Venezuela's government upped the ante Thursday against the new opposition-led Congress with a protest against the removal of images of venerated late socialist leader Hugo Chavez and a legal appeal against the swearing-in of three legislators.
Irked by this week's unceremonious removal of the giant Chavez photos from Congress, his successor, President Nicolas Maduro, had them displayed in a Caracas plaza under military guard, and officials vowed to plaster the country with more.
"I've given the order that in the coming hours all the streets of Caracas, all the poles, all the fences, have the image of our liberator Simon Bolivar and the image of our Father Chavez," said Socialist Party heavyweight Jorge Rodriguez, with hundreds of government supporters at a Caracas square.
The furor symbolizes the ballooning confrontation between Venezuela's opposition, in control of the National Assembly for the first time in nearly 17 years, and Maduro's government.
Officials were infuriated by a video of Henry Ramos, 72, the rambunctious new president of the Assembly, telling workers earlier this week to rid the building of Chavez imagery, and adding: "This isn't a cemetery."
Maduro has called for nationwide protests. Ramos "doesn't respect the noble sentiment of millions of Venezuelans, the noble memory of a man who died," the president said Wednesday.
Pedro Carreno, second from left, deputy of Venezuela's United Socialist Party, arrives at the Supreme Court to challenge the swearing in of three opposition deputies, next to fellow deputies in Caracas, Jan. 7, 2016.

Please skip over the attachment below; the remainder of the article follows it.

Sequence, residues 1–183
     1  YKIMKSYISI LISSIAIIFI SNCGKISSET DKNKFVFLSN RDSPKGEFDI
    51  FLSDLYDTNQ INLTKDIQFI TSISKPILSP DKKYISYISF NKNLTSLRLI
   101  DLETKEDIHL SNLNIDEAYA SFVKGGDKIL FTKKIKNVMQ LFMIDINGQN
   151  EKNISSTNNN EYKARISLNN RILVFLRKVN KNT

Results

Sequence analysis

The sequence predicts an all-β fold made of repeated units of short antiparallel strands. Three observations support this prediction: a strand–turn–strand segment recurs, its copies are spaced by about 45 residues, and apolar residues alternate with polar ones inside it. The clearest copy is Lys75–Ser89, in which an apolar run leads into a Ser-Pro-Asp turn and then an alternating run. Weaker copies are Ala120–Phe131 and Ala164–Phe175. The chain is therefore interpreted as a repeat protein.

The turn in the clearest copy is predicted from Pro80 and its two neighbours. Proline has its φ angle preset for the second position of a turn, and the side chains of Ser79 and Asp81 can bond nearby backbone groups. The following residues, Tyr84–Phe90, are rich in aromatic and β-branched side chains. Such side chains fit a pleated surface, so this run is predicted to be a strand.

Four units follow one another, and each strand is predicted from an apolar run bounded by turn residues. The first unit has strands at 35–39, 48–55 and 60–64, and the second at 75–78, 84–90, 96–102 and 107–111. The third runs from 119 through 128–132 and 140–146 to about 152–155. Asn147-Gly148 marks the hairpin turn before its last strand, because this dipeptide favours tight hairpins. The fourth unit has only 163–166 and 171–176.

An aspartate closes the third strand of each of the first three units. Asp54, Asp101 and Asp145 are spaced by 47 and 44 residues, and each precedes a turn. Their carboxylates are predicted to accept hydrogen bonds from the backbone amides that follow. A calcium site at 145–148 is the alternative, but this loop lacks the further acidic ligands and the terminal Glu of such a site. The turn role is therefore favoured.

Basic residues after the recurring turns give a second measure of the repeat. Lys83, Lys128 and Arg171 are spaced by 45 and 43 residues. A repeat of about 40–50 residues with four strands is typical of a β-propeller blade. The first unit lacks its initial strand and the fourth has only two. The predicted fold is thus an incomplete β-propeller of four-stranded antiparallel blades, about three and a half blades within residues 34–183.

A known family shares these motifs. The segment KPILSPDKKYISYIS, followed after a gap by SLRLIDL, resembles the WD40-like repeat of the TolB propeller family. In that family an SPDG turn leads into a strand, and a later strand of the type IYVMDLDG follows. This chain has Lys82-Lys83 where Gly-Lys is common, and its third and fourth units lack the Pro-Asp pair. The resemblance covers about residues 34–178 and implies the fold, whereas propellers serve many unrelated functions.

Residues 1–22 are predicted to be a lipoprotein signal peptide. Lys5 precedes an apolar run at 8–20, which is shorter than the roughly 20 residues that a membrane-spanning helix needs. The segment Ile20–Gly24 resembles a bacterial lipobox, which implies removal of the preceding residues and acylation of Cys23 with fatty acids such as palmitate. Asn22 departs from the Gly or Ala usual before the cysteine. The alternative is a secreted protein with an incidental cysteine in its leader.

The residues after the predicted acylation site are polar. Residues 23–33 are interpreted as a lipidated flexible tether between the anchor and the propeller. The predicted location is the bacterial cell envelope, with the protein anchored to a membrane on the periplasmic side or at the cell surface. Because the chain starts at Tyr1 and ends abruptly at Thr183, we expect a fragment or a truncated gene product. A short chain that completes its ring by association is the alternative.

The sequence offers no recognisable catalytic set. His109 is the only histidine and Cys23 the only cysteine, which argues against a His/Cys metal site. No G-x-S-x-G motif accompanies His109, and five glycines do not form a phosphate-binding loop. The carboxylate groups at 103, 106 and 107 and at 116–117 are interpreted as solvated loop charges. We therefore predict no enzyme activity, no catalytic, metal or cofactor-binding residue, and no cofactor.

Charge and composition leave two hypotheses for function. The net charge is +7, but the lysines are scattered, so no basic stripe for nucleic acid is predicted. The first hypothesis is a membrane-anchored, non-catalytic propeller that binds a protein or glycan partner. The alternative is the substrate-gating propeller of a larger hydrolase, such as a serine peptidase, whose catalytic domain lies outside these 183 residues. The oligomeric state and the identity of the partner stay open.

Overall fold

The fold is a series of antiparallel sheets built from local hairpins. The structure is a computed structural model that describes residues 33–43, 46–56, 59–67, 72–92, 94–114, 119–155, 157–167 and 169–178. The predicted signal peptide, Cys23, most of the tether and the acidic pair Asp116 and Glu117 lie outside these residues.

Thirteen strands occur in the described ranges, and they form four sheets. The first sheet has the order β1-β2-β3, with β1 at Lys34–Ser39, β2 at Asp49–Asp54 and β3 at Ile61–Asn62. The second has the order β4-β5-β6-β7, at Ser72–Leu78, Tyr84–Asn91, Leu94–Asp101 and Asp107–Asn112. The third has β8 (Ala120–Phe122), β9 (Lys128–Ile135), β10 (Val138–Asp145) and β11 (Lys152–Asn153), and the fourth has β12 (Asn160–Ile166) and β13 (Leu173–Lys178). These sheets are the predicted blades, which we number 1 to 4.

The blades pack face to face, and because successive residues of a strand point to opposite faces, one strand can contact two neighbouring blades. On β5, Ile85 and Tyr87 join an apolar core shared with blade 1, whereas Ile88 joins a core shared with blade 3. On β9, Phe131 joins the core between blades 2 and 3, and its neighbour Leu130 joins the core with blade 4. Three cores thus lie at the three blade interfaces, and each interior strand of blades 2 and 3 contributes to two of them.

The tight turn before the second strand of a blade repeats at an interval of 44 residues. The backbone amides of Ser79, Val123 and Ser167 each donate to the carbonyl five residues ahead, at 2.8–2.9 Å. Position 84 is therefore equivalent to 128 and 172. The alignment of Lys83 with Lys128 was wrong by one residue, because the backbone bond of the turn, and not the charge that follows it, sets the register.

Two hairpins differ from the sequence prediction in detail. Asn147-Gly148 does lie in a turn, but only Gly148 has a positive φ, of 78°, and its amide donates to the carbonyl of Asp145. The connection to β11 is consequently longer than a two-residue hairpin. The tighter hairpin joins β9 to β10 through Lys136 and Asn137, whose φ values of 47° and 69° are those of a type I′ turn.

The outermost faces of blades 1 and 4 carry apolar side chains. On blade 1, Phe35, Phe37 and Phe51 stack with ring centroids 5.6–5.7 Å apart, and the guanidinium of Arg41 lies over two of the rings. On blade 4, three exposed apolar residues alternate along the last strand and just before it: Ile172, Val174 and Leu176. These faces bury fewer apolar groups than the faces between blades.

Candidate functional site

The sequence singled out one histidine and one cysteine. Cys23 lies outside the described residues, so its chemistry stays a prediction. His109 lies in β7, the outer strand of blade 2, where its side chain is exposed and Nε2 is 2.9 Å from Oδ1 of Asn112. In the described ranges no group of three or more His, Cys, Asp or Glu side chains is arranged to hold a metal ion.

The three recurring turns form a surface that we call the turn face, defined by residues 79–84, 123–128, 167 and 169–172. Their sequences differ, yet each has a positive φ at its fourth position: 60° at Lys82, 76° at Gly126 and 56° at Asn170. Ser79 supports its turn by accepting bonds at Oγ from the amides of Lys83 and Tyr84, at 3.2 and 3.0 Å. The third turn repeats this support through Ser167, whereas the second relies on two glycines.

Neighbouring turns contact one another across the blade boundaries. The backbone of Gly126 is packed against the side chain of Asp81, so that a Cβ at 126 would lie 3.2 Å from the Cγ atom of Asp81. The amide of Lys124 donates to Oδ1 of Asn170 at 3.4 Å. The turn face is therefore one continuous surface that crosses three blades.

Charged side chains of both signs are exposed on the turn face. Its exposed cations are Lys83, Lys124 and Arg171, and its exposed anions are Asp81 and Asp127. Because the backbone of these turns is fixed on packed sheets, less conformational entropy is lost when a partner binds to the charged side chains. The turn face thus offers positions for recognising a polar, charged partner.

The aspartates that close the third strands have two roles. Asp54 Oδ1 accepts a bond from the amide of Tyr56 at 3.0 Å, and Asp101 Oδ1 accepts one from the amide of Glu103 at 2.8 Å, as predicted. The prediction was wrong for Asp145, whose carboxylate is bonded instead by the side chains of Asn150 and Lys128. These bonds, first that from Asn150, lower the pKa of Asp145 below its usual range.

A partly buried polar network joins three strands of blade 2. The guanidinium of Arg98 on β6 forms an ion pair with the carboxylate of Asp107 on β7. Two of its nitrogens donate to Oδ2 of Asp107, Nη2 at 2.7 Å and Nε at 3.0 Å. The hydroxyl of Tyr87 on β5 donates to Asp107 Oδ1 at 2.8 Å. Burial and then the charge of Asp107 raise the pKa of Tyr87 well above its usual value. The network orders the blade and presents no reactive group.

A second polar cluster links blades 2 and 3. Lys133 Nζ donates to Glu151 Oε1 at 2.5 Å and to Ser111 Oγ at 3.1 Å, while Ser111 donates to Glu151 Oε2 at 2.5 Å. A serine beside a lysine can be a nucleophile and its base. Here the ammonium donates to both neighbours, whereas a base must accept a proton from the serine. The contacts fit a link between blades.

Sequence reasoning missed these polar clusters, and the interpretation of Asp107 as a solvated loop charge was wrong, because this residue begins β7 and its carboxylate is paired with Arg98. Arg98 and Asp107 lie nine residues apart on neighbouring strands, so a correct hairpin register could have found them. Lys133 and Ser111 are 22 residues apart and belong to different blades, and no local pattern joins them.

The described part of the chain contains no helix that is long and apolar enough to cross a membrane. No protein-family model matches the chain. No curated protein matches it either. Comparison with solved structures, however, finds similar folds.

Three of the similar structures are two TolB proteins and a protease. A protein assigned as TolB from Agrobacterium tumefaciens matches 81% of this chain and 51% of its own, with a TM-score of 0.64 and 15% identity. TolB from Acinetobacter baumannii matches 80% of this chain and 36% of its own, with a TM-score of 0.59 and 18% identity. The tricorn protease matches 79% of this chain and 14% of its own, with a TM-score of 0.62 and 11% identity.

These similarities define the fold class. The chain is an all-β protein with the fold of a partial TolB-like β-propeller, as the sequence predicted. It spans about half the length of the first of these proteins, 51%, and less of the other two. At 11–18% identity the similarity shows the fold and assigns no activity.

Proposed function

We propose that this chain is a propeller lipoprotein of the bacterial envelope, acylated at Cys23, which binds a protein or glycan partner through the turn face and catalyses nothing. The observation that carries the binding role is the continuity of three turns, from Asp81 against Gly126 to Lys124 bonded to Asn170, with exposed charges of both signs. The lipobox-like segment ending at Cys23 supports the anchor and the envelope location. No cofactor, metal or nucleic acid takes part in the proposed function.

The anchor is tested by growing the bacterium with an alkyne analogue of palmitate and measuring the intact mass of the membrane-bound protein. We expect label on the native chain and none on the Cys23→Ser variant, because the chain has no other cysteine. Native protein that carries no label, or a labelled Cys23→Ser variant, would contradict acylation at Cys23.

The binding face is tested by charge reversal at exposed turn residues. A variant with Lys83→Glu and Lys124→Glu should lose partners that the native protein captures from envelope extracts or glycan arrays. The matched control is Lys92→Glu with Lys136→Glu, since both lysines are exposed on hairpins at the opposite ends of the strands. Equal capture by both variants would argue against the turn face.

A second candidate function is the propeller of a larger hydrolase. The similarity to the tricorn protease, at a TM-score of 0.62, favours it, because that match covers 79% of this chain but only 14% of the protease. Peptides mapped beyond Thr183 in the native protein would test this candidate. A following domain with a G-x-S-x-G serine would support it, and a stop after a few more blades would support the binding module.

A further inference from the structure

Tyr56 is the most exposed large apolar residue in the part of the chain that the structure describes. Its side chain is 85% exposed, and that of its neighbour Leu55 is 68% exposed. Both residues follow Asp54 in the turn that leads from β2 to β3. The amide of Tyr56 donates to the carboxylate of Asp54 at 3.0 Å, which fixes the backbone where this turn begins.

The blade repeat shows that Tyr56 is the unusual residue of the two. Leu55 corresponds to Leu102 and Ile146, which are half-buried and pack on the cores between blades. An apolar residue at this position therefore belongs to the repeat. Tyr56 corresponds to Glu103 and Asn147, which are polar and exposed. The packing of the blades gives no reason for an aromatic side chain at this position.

In another line of attack, pro-government lawmakers filed a complaint of disobedience at the Supreme Court against the assembly's new leadership for swearing in three opposition lawmakers whose election the tribunal had suspended.
The opposition coalition won a two-thirds majority with 112 seats in the December 6 legislative election. But the Supreme Court subsequently barred four lawmakers, including one from the Socialist Party, after allegations of voting irregularities in the jungle state of Amazonas. The opposition swore in its three newcomers anyway.
Though Maduro's popularity has sunk during an economic crisis, millions of poor Venezuelans still revere his predecessor, Chavez, for his folksy charisma and oil-fueled social programs. Many were upset by the Ramos video, which will not help the opposition's push to lure disenchanted "Chavistas."
"This video shows exactly what this so-called change is all about," said Gloria Torres, 54, who organized vigils for Chavez before his death in 2013. "Such arrogance."
The opposition, however, who says Chavez ruined the economy while behaving like a dictator, is aghast at the personality cult. His images and signature still adorn T-shirts and walls across the country.